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The Delaware Department of Transportation requested a survey of the other states regarding:
This is an occasional problem for us but we do not have a law that addresses it.
ARS 33-707 and ARS 33-712.
With regard to Full Take acquisitions, mortgagee(s)/beneficiaries do have a 30 day time frame from the date the mortgage has been satisfied (paid), and to have a full reconveyance executed. More details regarding these time frames can be found in section 2941 and 2943 of the Civil Code.
Please refer to the link below. On partial acquisitions, I don't believe there is any such requirement in California, as such this is one of the main reasons our escrows get delayed on partial acquisitions as it sometimes takes a while to get the reconveyance as sometimes the lenders are putting a demand on the entire amount offered, and they may not be entitled to it.
As you know, they should not put a demand on the amount which we consider "curable damages" as this money is offered to the property owner to cure damages, and restore the collateral for their loan.
Not that I'm aware of at this time, though any legislation that may expedite that process would certainly be well received by CDOT.
701.04 Cancellation of mortgages, liens, and judgments.--
Illinois does not have laws regulating the timing of mortgage releases.
Kentucky does not have such a law.
Louisiana has no laws addressing time frames for mortgage releases.
Maryland has no legislation regarding time frames for Mortgage Releases.
When any mortgagee, mortgagee's personal representative or assignee, upon full performance of the conditions of the mortgage, shall fail to discharge the same within ten days after being thereto requested and after tender of the mortgagee's reasonable charges therefore, that mortgagee shall be liable to the mortgagor, the mortgagor's heirs or assigns, for all actual damages thereby occasioned; and a claim for such damages may be asserted in an action for discharge of the mortgage. If the defendant be not a resident of the state, such action may be maintained upon the expiration of 60 days after the conditions of the mortgage have been performed, without such previous request or tender.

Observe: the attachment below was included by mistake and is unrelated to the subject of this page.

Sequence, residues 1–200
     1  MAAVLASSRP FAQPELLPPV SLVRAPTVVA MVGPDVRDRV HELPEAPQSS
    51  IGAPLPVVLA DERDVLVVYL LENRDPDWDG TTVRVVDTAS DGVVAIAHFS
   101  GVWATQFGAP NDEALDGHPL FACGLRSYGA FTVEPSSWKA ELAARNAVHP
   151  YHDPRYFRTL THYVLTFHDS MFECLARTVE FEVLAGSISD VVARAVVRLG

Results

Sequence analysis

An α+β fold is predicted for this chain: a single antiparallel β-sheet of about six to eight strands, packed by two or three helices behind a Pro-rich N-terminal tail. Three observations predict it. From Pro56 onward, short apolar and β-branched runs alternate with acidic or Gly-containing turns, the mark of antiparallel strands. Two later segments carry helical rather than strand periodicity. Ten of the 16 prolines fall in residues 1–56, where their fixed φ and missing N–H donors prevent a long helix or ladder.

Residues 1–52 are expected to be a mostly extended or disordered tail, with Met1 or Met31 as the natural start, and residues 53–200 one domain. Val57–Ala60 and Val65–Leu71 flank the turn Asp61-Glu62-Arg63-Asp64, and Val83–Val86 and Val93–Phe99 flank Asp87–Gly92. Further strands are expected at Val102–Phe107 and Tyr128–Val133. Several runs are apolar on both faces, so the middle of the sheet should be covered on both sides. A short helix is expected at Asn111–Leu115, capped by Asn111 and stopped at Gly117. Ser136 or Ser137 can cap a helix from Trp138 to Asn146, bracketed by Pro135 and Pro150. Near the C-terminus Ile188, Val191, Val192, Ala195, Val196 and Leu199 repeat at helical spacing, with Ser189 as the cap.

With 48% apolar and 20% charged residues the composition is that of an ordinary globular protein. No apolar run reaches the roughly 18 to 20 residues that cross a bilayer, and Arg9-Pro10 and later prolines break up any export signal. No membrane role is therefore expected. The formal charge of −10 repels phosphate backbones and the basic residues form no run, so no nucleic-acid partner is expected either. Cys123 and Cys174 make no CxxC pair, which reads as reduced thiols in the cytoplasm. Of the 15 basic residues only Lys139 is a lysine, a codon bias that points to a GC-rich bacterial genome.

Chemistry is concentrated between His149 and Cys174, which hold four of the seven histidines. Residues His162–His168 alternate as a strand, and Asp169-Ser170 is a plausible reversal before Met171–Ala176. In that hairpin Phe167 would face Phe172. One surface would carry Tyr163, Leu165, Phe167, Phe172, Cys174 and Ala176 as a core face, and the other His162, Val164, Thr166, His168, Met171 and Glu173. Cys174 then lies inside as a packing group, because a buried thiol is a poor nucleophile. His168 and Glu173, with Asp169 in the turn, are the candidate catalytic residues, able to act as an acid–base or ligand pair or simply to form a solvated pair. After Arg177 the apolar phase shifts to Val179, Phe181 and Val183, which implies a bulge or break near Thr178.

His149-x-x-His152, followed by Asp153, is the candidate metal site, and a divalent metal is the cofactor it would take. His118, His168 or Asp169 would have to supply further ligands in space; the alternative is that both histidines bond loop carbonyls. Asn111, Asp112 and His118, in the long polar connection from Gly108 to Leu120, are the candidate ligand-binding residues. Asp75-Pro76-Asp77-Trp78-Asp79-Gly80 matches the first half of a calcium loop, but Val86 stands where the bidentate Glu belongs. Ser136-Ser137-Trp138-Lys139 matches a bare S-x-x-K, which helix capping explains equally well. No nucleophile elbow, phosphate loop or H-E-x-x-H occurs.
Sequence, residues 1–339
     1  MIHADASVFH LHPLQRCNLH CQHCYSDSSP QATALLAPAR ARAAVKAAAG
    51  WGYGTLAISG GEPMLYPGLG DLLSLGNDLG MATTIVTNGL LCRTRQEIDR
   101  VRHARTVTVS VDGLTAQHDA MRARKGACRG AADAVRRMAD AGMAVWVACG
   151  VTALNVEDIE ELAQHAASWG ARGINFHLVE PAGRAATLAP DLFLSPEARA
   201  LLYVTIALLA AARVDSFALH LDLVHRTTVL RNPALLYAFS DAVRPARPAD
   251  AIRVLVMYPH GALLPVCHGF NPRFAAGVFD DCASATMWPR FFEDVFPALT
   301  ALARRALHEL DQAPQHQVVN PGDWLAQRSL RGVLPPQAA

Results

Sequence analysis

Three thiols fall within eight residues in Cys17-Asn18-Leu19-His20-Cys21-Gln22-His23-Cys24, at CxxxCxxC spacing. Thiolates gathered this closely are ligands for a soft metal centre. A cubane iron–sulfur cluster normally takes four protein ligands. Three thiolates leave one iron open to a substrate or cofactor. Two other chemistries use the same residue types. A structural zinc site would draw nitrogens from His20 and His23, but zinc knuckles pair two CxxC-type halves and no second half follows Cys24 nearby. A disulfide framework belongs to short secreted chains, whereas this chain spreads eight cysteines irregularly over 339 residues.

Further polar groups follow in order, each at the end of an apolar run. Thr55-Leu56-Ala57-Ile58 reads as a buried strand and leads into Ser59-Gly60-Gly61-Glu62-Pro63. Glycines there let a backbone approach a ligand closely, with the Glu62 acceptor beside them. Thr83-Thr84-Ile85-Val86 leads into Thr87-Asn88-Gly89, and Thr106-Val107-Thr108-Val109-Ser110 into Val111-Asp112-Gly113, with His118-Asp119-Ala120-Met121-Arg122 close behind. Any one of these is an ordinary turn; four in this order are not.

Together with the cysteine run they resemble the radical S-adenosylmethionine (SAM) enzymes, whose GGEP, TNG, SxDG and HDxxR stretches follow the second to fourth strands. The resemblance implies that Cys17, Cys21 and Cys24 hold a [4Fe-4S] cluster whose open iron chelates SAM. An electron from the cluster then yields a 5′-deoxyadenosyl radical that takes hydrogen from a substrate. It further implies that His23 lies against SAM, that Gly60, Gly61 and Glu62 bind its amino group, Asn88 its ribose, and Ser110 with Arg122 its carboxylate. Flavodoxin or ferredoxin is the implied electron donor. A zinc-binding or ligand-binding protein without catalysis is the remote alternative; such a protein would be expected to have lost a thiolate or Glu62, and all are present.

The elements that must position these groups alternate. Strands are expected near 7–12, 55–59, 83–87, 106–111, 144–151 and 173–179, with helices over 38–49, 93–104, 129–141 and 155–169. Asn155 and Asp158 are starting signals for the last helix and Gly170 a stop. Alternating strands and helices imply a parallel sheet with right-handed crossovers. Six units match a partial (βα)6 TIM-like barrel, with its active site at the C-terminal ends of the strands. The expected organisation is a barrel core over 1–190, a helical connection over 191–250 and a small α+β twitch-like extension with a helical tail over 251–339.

HIST: (8235) RL s 3364; 1986 c 444
The web link below will confirm that Missouri requires mortgage release within 30 days, and provides the language you desire.
After consulting with our legal staff, it doesn't appear that Montana has any laws to make mortgage companies provide a release of mortgage within a certain time period. On parcels that were turned over for condemnation, where the mortgage company is refusing to execute a release, the mortgage company is simply named in the lawsuit along with the landowner and their interest is cleared through the condemnation action. On all other parcels, we just have to work on the mortgage company's time frame in getting releases executed.
Sorry, no such legislation in NH.
New Jersey has no such legislation of which I am aware.
North Dakota has not enacted laws to make mortgage companies provide a release within a certain time frame.
Answer to question number 1 is No.
South Carolina has no legislation requiring a mortgage company to provide a release.
No. South Dakota has not enacted laws to make mortgage companies provide a release within a certain time frame.
Utah has no law in place to require a release within a certain period of time.
Wisconsin's response is "no".